Tuesday, March 10, 2009

Cheating Death

After my post of March 4th, I started thinking of how many times I have been in the position of believing I was about to die. A surprising number. All of them have occurred since I became a widow. During my marriage, such a thought never entered my mind. Ralph and I were going to live forever - or at least a very long time. We sometimes talked of "...when we celebrate our 50th anniversary" or of what life would be like then. (Our 50th anniversary was October 26, 2007, when he had been gone for 32 years.)

If you find it tiresome to hear older people talk about their medical experiences, stop reading now.

In 1980 I was out in the woods with my friend, Wyetta. We had seen a nice little tree that I really wanted to have in my yard. She owned the property we were on, and encouraged me to dig it up and carry it home. I had a small, long handled spade, and started to dig. I felt fine until I paused for a moment in my digging. Suddenly I broke out in a cold sweat. She told me I went very pale. I couldn't get my breath, and my vision started to go into a tunnel. It wasn't a dark tunnel, it was sparkling like gold, but I could no longer see. I thought I was going to faint, which was a first for me, so I sat down on the ground. I was quite sure that I was having a heart attack, and that I was going to die. I could hear Wyetta's alarmed voice asking what was wrong, and despite my certainty that I was dying, I wanted to reassure her, but I couldn't speak. As in the incident in the car, I was not afraid, but was annoyed because of our location. I pictured the Emergency Squad trying to carry their equipment along the narrow, brambly path to get to me and then carrying the stretcher back. The poor guys!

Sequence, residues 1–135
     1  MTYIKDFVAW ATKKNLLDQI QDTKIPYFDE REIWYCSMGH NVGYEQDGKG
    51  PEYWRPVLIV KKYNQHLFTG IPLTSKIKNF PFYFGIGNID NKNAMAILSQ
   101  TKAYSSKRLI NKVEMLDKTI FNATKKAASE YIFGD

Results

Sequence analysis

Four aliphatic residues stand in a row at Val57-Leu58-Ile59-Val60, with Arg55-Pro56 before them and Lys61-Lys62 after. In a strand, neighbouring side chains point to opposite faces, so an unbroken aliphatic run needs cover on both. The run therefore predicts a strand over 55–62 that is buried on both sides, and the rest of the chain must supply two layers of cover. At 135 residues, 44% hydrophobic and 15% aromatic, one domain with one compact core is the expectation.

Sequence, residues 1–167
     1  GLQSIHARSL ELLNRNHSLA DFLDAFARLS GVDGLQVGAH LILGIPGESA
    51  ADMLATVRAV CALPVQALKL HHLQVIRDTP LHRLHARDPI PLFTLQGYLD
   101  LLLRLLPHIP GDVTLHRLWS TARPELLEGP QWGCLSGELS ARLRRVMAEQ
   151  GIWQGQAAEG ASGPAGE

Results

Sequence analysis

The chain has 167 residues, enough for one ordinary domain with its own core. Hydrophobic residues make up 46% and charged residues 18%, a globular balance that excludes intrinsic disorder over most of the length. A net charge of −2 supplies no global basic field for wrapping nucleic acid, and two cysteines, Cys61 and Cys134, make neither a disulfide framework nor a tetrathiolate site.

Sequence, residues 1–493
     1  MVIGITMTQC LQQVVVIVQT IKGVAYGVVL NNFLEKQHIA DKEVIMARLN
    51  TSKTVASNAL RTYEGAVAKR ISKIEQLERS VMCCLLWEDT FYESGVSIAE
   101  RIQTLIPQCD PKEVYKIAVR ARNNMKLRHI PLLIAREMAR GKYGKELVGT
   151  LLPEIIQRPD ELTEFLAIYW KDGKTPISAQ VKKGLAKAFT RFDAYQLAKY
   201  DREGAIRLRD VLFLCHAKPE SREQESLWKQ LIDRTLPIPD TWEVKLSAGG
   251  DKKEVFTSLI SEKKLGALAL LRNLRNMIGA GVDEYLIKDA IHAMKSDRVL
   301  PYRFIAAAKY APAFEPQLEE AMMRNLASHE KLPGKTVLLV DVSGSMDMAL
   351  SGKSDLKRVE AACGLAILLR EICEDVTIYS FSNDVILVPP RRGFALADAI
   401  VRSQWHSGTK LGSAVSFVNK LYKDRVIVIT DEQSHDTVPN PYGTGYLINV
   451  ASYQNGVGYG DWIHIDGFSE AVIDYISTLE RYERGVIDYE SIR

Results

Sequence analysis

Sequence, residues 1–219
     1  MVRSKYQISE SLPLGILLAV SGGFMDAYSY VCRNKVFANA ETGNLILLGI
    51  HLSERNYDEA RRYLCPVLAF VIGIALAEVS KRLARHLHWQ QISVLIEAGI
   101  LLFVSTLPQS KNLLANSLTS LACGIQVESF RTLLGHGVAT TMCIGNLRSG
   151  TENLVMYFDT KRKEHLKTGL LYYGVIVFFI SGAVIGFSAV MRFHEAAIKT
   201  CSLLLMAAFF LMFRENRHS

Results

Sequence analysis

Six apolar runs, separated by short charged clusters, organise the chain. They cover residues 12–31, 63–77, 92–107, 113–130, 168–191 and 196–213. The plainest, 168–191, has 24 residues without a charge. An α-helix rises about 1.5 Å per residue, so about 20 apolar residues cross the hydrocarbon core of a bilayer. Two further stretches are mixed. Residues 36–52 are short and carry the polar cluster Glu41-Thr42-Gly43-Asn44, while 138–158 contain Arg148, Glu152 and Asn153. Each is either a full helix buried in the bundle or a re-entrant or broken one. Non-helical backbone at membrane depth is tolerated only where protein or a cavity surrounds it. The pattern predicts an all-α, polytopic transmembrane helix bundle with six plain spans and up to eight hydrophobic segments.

Eventually, my vision cleared and I regained my breath, but I was so weak that I couldn't stand up. At last I could speak to calm Wyetta's fears, but I had to just sit there for a long time. After some time, I sort of climbed the handle of the spade, to a standing position. I started walking back toward my car, but could only go a few steps at a time, resting between efforts. When I reached the car, I sat there a while, then finally drove the short way home, and sat some more in the garage. I made it to the sofa, where I stayed for a solid week, too weak to climb up to my bedroom. The girls brought me food and took care of things until, at the week's end, I felt I could move around more. At the time this happened I had no insurance, and money was tight, and I never went to a doctor. I remembered my husband's first heart attack, when the only thing the doctor prescribed was complete bed rest, so that's what I did. Years later, when I was working and did go to doctors, I told them about this incident. They agreed I probably had a mild heart attack, but we'll never know for sure.

A few years later, I was in Cape May City when I saw the beginning of a gorgeous sunset developing. I grabbed my camera and hurried as fast as I could toward a spot which I knew was ideal for viewing the sun going down. I jumped out of the car and started toward the shore, through deep, soft sand which dragged me down. Suddenly I felt exactly as I had those years before. I stopped immediately and sat down. This time the feeling passed quickly, without further incident.

In the year 2000, I was diagnosed with cancer. The doctor didn't try to sugar coat it. But again, I wasn't particularly worried about it. What would happen, would happen. My children were worried, but I was not.